WordPress
Img src: Kinsta

Cool…You’ve Sold Me. How Do I Make This Happen?

This is a little trickier than installing a plugin but there are fewer steps. You’ve got to log into your cPanel which is typically located at https://mysuperspeedwebsite.com/cpanel. (You ARE using SSL, aren’t you?) Once you log in, scroll down until you find the “Software” group and look for an icon called “MultiPHP Manager.”

 

Click that and you’ll be taken to a screen where you need to select the domain you want to change, click the dropdown to select PHP 7.2 (ea-php72), and then click “Apply.”

 

There’s a chance that your cPanel will not have PHP 7.2 (ea-php72) listed in the dropdown. If that’s the case then you are stuck here. You need to open a trouble ticket with your web hosting provider and request that PHP 7.2 be added to your site as an option.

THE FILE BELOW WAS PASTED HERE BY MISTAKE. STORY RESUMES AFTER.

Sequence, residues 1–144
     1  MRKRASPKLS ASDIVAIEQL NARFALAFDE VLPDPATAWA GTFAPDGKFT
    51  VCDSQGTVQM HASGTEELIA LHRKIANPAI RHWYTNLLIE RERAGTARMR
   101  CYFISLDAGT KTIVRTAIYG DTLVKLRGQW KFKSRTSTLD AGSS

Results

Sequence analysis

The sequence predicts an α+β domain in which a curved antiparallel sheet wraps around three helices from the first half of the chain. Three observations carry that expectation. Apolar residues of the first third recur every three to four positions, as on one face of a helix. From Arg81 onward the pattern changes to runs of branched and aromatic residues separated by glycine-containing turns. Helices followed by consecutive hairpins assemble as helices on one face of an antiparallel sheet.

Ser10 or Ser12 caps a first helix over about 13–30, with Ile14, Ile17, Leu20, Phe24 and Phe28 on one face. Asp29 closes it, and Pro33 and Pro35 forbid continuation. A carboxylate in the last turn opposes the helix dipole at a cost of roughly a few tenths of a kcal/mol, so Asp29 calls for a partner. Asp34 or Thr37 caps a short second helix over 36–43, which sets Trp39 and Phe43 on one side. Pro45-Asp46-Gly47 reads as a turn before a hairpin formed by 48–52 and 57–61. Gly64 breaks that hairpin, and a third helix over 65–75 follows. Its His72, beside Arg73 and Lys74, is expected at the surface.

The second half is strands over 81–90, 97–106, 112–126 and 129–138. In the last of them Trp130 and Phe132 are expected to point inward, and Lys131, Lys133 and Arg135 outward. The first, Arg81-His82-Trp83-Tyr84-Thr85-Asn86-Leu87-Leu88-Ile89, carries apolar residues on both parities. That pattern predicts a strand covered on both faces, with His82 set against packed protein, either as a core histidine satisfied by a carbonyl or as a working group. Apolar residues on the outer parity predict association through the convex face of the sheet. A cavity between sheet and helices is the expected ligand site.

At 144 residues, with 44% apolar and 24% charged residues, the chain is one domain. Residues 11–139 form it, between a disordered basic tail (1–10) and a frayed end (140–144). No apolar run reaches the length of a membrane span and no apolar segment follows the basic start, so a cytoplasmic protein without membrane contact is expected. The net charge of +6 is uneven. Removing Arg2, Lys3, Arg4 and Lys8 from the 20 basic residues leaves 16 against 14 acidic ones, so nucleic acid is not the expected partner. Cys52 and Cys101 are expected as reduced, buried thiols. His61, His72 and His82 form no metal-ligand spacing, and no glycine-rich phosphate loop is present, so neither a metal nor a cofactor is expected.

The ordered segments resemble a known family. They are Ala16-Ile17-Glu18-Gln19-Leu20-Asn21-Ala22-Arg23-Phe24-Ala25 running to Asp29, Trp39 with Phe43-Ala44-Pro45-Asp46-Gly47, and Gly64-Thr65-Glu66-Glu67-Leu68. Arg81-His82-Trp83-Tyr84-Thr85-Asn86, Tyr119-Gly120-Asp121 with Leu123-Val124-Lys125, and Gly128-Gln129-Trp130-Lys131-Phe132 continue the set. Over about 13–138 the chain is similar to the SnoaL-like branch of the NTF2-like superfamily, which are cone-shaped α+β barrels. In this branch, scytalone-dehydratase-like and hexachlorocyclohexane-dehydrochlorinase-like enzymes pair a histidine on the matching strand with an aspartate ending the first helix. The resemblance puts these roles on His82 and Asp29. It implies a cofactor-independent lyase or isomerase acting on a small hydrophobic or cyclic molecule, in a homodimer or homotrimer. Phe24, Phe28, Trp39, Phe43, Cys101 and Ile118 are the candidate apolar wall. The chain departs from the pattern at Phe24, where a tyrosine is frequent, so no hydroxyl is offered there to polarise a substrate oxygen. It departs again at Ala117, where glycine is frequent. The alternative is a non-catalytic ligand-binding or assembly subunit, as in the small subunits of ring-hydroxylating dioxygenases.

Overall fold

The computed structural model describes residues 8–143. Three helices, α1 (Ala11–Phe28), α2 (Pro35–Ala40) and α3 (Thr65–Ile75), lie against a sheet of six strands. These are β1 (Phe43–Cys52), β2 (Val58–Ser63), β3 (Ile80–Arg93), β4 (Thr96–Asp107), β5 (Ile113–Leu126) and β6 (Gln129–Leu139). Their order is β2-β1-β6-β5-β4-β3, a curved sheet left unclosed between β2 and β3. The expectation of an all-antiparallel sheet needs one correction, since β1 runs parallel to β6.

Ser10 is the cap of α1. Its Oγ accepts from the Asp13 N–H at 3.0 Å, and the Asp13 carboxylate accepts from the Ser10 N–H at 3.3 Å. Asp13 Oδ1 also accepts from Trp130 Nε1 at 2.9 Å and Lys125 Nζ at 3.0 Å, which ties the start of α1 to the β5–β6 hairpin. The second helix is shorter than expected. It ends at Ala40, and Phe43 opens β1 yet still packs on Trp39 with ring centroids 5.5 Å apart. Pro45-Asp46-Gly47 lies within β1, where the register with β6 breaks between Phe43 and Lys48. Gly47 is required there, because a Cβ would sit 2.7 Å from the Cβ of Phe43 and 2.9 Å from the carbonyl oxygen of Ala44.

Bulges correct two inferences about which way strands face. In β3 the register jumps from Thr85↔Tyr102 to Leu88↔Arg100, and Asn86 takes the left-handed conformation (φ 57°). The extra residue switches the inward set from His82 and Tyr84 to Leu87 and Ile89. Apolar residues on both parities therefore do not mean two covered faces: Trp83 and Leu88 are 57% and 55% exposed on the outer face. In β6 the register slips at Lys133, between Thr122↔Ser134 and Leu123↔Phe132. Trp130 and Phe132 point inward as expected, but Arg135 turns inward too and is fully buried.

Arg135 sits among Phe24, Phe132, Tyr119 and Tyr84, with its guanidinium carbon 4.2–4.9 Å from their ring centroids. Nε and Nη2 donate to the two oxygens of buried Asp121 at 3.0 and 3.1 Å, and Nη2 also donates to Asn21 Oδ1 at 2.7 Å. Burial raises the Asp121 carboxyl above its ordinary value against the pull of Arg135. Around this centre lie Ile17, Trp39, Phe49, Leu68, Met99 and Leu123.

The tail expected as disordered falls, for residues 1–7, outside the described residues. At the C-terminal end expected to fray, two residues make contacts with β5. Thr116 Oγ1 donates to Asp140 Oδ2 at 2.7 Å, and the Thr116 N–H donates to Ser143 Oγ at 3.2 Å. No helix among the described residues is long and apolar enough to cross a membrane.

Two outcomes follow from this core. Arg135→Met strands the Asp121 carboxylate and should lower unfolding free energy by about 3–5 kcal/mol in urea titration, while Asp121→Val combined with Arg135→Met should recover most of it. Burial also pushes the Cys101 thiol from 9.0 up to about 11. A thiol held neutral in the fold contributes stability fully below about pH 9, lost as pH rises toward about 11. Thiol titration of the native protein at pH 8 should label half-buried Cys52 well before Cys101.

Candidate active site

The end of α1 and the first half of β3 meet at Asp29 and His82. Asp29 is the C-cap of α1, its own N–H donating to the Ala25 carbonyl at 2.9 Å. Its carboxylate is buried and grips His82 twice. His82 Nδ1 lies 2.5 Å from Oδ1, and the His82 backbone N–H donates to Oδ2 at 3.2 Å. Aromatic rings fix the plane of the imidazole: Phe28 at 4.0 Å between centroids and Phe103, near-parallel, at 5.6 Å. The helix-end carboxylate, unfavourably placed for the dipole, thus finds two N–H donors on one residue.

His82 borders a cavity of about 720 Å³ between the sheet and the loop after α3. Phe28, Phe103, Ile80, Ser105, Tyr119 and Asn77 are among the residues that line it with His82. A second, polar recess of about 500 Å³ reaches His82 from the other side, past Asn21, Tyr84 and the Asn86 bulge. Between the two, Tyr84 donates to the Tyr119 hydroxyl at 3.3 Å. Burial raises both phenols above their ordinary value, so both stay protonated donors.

If you are successful with that step then CONGRATULATIONS! Your website has taken the next step toward Ludicrous Speed! You’re not out of the woods yet. Check your website right now! DO IT! Make sure it’s displaying correctly ’cause there’s a chance that it won’t. In my experience, it either works or it doesn’t…there’s no in between. In many cases we experience a slight delay (30-45 seconds or so) in loading the webpage the first time while the new PHP version gets sorted out.

If it works, great, you’re done. If not, try this…